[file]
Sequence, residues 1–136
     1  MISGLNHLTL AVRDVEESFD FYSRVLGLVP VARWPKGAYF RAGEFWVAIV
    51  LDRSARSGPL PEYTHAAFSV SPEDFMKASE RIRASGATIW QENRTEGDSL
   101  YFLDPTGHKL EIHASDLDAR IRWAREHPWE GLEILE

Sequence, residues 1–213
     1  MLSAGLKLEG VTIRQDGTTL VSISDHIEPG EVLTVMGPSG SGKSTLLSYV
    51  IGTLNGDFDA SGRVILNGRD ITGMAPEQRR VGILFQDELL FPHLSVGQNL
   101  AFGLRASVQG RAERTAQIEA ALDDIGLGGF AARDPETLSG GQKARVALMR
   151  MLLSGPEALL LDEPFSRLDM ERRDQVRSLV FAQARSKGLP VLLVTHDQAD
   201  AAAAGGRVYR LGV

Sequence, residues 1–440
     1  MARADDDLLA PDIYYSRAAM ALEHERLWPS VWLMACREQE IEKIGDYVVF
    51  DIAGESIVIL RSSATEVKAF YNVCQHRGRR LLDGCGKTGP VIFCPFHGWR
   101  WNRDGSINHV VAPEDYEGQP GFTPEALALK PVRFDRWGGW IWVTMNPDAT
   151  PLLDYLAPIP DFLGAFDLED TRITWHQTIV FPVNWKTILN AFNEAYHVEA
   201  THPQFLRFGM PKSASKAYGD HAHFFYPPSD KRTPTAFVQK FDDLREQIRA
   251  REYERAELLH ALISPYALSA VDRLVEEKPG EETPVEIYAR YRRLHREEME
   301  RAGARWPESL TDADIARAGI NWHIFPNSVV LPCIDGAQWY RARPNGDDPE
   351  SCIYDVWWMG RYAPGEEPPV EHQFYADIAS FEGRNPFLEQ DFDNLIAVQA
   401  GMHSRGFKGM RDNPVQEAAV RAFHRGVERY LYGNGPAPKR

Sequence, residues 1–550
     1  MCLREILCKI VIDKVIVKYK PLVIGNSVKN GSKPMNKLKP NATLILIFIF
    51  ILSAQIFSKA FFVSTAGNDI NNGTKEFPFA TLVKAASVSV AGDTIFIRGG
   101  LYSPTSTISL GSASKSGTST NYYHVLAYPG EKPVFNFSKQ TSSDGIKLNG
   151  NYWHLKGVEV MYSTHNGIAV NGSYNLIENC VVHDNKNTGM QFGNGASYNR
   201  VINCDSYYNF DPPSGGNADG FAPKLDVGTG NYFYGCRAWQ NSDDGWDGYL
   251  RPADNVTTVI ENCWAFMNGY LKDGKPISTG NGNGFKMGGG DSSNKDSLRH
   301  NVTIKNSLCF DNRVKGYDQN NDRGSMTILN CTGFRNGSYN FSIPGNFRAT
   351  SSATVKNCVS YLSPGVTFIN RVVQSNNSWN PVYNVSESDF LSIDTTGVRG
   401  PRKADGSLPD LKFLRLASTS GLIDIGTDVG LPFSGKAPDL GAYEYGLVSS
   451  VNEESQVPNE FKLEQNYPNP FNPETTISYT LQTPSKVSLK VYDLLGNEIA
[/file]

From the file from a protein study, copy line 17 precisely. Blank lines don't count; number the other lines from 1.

   251  REYERAELLH ALISPYALSA VDRLVEEKPG EETPVEIYAR YRRLHREEME